Rowe, Massachusetts facts for kids
Adams Mountain, with the Village Green and Mill Pond in the foreground
Location in Franklin County in Massachusetts
|• Total||24.0 sq mi (62.2 km2)|
|• Land||23.4 sq mi (60.7 km2)|
|• Water||0.6 sq mi (1.5 km2)|
|Elevation||1,364 ft (416 m)|
|• Density||16.36/sq mi (6.318/km2)|
|Time zone||Eastern (UTC-5)|
|• Summer (DST)||Eastern (UTC-4)|
|GNIS feature ID||0618174|
Rowe was the site of fishing and foraging for local Native American tribes. The area was first visited by white settlers in 1744, and was the site of a fort to guard against raids. In 1762, the town lands were purchased by the Rev. Cornelius Jones, who named it "Myrifield" after the Greek word for "thousand". The town had enough settlers by 1785 to have it incorporated as a town, renamed by the Massachusetts General Court after John Rowe, a prominent Boston merchant.
The town of Rowe grew around mills on the river, but also had other industries, including sulfur, talc and soapstone mining. This was nowhere more evident than in the now abandoned settlement at the Davis Mine. In the late 1880s, with the addition of the railroad along the river, the area had become somewhat of a small resort town. But, by the advent of the 1900s, most industry had begun to dry up, leaving the town fairly rural until the 1950s. At that point, with the "baby boom" underway, Rowe became the site of Yankee Rowe Nuclear Power Station, the first nuclear power plant in New England, near the Sherman Dam along the Vermont border. The plant was in operation from 1960 to 1992, and the plant is now completely decommissioned, with the nuclear waste set to be transported to Yucca Mountain's containment facilities upon their completion in 2020.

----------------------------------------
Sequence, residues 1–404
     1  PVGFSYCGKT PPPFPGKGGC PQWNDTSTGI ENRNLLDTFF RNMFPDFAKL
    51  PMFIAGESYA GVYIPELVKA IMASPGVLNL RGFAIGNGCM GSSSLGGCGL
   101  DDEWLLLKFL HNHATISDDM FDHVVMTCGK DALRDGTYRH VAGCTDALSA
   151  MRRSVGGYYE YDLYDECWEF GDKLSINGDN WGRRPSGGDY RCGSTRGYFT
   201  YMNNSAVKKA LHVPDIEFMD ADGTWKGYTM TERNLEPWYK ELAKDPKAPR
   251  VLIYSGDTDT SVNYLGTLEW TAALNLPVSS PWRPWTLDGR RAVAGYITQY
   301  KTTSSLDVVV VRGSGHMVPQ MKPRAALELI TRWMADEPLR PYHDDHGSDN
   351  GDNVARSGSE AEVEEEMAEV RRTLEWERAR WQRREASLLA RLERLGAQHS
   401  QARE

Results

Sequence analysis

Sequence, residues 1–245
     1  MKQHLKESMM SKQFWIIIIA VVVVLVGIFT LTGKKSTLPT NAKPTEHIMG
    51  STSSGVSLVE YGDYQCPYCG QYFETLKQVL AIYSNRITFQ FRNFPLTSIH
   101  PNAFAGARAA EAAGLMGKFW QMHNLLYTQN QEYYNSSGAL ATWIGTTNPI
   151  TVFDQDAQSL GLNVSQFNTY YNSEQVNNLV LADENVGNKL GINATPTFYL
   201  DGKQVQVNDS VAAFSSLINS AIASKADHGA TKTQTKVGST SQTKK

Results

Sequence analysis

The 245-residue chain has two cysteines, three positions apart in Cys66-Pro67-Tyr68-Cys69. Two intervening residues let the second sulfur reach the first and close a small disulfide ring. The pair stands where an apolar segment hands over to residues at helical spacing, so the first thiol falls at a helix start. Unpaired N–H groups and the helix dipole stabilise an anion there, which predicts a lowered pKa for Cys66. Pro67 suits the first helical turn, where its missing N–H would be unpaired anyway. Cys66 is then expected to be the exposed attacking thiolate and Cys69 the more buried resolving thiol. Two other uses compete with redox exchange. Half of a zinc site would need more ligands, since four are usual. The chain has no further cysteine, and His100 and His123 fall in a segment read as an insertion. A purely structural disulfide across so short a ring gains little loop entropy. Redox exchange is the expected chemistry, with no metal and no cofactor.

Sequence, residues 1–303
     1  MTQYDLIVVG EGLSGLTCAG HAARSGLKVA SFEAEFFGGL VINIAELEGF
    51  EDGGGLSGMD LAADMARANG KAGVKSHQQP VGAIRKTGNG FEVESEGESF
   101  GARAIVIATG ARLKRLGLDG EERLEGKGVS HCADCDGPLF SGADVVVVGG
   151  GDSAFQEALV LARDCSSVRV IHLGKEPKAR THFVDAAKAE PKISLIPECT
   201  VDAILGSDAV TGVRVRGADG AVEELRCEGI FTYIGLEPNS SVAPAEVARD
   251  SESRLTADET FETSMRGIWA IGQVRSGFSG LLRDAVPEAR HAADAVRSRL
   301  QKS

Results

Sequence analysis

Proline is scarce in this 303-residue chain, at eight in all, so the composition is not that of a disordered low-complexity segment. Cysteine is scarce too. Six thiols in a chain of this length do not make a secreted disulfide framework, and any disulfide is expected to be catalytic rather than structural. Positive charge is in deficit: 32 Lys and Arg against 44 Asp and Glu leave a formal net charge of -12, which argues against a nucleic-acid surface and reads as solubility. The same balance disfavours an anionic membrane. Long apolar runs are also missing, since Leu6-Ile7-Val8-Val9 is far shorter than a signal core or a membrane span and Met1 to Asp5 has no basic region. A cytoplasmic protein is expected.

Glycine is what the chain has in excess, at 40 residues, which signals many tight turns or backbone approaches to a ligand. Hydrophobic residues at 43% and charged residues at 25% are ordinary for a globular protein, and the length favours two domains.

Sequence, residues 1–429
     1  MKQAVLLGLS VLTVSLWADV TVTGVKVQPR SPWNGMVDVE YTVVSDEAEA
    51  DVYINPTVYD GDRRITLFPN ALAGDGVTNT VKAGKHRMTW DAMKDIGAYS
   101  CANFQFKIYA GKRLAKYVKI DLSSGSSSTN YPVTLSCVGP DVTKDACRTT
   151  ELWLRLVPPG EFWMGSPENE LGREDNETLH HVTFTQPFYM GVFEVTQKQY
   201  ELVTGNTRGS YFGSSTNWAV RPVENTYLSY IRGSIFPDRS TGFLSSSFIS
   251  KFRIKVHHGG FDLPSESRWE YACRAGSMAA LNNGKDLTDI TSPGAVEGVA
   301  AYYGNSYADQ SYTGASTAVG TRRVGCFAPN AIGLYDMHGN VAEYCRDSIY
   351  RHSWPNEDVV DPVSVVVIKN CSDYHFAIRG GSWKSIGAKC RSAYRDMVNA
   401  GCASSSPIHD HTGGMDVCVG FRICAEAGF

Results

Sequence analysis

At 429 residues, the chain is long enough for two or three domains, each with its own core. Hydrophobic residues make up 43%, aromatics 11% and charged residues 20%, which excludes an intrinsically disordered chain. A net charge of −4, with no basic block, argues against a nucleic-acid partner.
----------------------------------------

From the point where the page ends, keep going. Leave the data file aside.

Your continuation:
The following are locally known neighborhood/village areas within the Rowe town borders:
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According to the United States Census Bureau, the town has a total area of 24.0 square miles (62.2 km2), of which 23.4 square miles (60.7 km2) is land and 0.58 square miles (1.5 km2), or 2.41%, is water. Rowe lies along the northern border of Franklin County and Massachusetts, bordered by Windham County, Vermont, to the north and Berkshire County to the west. The town is bordered by Whitingham, Vermont, to the north, Heath to the east, Charlemont to the south, and Florida and Monroe to the west. Rowe is located 23 miles (37 km) west-northwest of Greenfield, 53 miles (85 km) north-northwest of Springfield, and 112 miles (180 km) west-northwest of Boston.
Rowe lies along the eastern bank of the Deerfield River, which is dammed near the Vermont border to form the Sherman Reservoir. The town has two other large bodies of water, the Upper Bear Swamp Reservoir and Pelham Lake, which feeds Pelham Brook, a tributary of the river. The town is hilly, with two main ridges on either side of Pelham Brook. Near the southwest corner of town is Negus Mountain, along the western ridge, and along the eastern ridge lies Todd Mountain and Adams Mountain, the highest point in town. Much of the land southeast of Pelham Lake is part of Pelham Lake Park, which extends to the mountains. There are also two small units of Monroe State Forest in town.